The scan results were exactly as I expected. After my first bout in 1999, and a number of recurrences in the years thereafter, here I was, in the breast cancer big leagues: bone mets. I couldn’t stop thinking about W’s offer, the “no big deal,” about something that was a very big deal to me: a place to write with light, room for the kids to stay, and yes, a home to be sick in, in some comfort. But, a friend as the mortgage holder? It seemed like one of those things you should never, ever do, that can only end in disaster.
Five months later, an agreement had been drawn up by W’s accountants, and my offer on a nice little place had been accepted by the seller. In the way of things, the apartment’s price was, nearly to the dollar, what my old house sold for, a nod from the money gods. The next hurdle was the co-op board interview.
It was the most stressful hour of my adult life, and I have metastatic breast cancer. You sit in front of strangers, your potential new neighbors, and account for your financial self. I was a single woman in my late fifties with modest savings, a retirement account, no other investments, no real estate, nothing. I shared a beat-up Jeep with my daughter. All I really had was a relatively secure income and the hope of selling my manuscript.
Oh, and I had my friend, W. W was in Dior that day, a pink and silvery tweed dress. She was wearing totally threatening Valentino high heels, the ones with the spiky studs. She emerged from her car and I said, “Those shoes need their own driver,” and she yelped her laugh. We headed into the interview together.
As I walked the co-op board through my numbers, I left the landscape of loss behind. Near the end of the exhausting hour, the board president turned to W and said, “One last question. This is an extraordinarily generous gesture on your part. May I ask why are you doing this?”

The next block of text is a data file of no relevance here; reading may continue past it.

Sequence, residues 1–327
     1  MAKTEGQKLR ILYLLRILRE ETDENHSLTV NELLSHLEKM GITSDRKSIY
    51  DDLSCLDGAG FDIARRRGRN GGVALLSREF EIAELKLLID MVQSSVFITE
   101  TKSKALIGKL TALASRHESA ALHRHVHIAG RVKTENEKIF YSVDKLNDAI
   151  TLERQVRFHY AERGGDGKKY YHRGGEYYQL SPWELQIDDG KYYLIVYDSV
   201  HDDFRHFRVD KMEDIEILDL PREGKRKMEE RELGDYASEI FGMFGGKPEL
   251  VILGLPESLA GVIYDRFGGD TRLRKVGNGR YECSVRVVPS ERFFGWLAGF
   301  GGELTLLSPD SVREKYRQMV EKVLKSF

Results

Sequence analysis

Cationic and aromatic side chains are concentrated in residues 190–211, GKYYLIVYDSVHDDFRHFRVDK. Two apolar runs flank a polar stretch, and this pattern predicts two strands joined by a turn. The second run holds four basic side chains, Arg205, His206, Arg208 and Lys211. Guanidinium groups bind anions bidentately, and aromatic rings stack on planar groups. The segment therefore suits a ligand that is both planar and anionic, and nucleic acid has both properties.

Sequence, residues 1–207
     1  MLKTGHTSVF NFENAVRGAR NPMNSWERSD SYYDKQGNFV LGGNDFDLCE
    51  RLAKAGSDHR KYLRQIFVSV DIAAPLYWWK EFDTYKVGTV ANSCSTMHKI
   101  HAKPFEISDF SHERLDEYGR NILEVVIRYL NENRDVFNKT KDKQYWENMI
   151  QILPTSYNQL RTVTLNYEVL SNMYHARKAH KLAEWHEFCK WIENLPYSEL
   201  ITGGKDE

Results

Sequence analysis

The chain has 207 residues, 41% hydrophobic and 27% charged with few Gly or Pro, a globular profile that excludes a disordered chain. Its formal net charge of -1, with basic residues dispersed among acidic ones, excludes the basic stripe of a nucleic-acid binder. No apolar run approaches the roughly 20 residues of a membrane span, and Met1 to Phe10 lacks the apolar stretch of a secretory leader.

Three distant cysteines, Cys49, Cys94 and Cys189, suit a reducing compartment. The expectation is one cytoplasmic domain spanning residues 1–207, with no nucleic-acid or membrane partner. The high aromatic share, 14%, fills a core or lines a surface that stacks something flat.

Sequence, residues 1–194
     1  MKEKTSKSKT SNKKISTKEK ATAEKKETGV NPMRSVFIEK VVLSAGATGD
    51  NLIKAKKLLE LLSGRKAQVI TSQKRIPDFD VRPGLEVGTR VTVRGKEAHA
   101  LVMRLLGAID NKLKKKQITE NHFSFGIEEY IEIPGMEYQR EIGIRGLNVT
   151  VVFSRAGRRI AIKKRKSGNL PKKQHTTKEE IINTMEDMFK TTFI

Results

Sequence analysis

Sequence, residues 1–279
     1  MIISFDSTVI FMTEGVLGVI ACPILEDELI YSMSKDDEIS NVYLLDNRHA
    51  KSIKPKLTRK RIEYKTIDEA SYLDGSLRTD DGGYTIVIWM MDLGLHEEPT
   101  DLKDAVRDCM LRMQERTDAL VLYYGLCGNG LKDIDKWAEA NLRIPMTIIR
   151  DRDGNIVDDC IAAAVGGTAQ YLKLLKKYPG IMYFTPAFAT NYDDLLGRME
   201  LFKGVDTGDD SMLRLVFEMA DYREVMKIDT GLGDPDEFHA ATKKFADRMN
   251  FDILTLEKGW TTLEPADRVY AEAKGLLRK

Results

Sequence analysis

I dropped my head in embarrassment. The room was so still it roared in my ears. The silence was measured by clocks ticking in other rooms. We waited for W’s answer, and waited.
I looked over at her. She looked back. Her eyes brimmed and mine did, too. She turned to the co-op board president, crossed her legs to show off her shoes, and delivered—with just one word—a power presentation of successful ventures, opportunities, and results.
“Love,” she said. “That’s it. Love.”
Yesterday, the sun streamed across my desk as I struggled through another draft of my second novel. I refilled my coffee mug and thought, for the thousandth time, Someday, about the un-renovated state of my kitchen. I’m on a serious cocktail of meds, and they are working for now. I teach writing workshops for breast cancer ladies, which helps me square off against the disease. My youngest daughter just decamped after a visit, and the tiny guest room is a mess. Yesterday the temperature was fifty-five degrees and the skies were clear. I wore the lilac gray duffle coat.
W is well. She reorganized her work life to enjoy real life more fully, and is taking care of her family, her dogs, her friends, as ever. She is a photographer who seeks natural beauty wherever she goes, and she posts stunning images. She supports causes and people that resonate with her, and is honored for her philanthropy. She mentors young women. She is taking care of herself, too. There is always a lot to discuss when we convene at my place or hers, or at a restaurant I can’t afford, but not once has the mortgage come up since that June afternoon three years ago, when she answered the question with love. No big deal, just the biggest deal of all.
Stephanie Gangi lives, works and writes in New York City. Her acclaimed debut novel, The Next, was published in 2016 by St. Martin's Press. She is at work on her second novel.